There is no novel idea in your post – the only modern addition is the new-found shame and horror of self-effacing Jews, who can’t stomach this story – not because it is so awful or brutal, not because is diverges so terribly from geopolitical realpolitic – but because these wimpy Jews are conflicted about the Jewish people’s very existence.
    I live in the West Bank. I can point out to you the houses built in a neighboring Arab village by wealthy merchants who moved west from Nablus – after being shook down by Arafat’s thugs, they’re hoping to get annexed by Israel.
    The jostling for position continues. So? Either you believe that the Jews have a right to a place of their own – and are clear-eyed enough to know that that requires force as well as fancy pieces of paper. Or you don’t feel the Jews are a legitimate people ANYWHERE – either because you’re a gentile antisemite or a conflicted Jew – in which case NOTHING Israel does will ever be moral enough.

  30. Sam, my history is very good. Really. You’ll note that while the Zionist enterprise was growing, the Arab population of the part of Ottoman Palestine that wasn’t made into Jordan DOUBLED. So “displacement” is not the correct term here. In fact, considering that only 8% of the land was bought by the Jews by 1948, the term “displacement” is completely false. Also, the Arabs were not ignored at all, otherwise the Yishuv wouldn’t have accepted compromise solutions in 1937 and 1947.
    It is moral to seek self-determination. It is moral to seek it in a historic homeland to which the people, their faith and their culture have been tied for millenia.
    It is moral to seek to acquire that land to which they are connected by purchasing it and with the support of the international community.
    It is moral to seek to create this self-determination not by physical aggression, but rather by using the ballot box.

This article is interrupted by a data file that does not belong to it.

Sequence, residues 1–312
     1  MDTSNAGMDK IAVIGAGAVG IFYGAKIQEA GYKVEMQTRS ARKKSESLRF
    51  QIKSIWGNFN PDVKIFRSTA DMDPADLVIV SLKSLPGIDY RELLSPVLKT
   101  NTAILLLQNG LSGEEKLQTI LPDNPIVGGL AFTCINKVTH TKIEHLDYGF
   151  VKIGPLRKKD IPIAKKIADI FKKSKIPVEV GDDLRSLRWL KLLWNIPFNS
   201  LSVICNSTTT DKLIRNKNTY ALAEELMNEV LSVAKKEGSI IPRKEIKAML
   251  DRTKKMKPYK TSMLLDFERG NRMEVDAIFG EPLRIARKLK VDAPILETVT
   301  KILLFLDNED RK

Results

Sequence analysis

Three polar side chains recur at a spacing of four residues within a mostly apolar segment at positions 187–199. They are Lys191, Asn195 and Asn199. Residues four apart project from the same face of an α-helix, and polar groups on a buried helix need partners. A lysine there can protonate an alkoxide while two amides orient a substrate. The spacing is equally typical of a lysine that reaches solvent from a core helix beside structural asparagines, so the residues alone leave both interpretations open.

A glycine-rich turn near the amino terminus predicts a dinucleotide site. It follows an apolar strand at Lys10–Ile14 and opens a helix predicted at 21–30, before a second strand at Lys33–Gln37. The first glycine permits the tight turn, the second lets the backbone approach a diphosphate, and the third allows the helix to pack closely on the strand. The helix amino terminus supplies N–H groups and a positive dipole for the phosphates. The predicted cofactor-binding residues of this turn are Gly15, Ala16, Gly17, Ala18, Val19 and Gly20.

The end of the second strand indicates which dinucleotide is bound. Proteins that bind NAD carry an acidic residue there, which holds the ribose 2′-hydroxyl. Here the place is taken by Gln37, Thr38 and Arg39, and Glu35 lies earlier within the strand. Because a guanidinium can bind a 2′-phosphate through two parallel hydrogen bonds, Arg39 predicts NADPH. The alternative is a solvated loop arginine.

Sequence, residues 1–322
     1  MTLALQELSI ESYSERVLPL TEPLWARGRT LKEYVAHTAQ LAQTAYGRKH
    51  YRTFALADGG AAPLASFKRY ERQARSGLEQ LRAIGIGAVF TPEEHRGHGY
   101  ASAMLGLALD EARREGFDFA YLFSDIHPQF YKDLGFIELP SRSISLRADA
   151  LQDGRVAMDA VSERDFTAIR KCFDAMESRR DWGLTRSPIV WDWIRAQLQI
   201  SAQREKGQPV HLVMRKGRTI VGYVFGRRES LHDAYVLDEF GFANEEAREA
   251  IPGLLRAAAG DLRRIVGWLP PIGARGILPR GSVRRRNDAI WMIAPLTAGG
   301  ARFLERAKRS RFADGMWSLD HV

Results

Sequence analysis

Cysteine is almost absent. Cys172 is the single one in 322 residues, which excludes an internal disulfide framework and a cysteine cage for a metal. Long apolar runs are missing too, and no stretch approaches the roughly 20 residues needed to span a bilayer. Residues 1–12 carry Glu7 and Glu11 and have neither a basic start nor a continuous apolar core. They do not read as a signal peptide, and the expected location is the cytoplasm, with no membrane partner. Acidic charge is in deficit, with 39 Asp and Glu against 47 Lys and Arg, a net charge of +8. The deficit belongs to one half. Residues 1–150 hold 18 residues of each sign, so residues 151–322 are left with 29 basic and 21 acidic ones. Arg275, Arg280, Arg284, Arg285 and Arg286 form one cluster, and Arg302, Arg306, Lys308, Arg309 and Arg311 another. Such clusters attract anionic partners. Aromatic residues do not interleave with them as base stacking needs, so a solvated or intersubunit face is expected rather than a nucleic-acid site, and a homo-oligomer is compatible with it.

It really is that simple. What isn’t simple is trying to sort out where we are now. But Zionism was a very ethical movement in every respect.
    If Texas was a territory and not a state, and I decided to create MiddleLand by buying up land in Texas, and was able to bring in sufficient numbers of Mexicans into Texas over time with the intention that they grow into a clear majority over non-Mexican Texans, and I did this under the watchful eyes of the international community and as peacefully as possible despite constant attacks from American Texans, you would consider that unethical? Remember that the Arabs could have done the exact same thing as the Jews. Instead, they chose a very different route (one with which they persist to this day) and achieved nothing but loss and devastation that they then blame on the Jews and/or Israelis. Perhaps you should be seeking the unethical behavior elsewhere. There could have been two states, side by side, for almost 7 decades now. Who is immoral here?

  31. The Palestinian Arabs who, even in 1947, would have had to be removed from the area declared to be the Jewish state did not understand why they should accede to domination by foreign immigrants.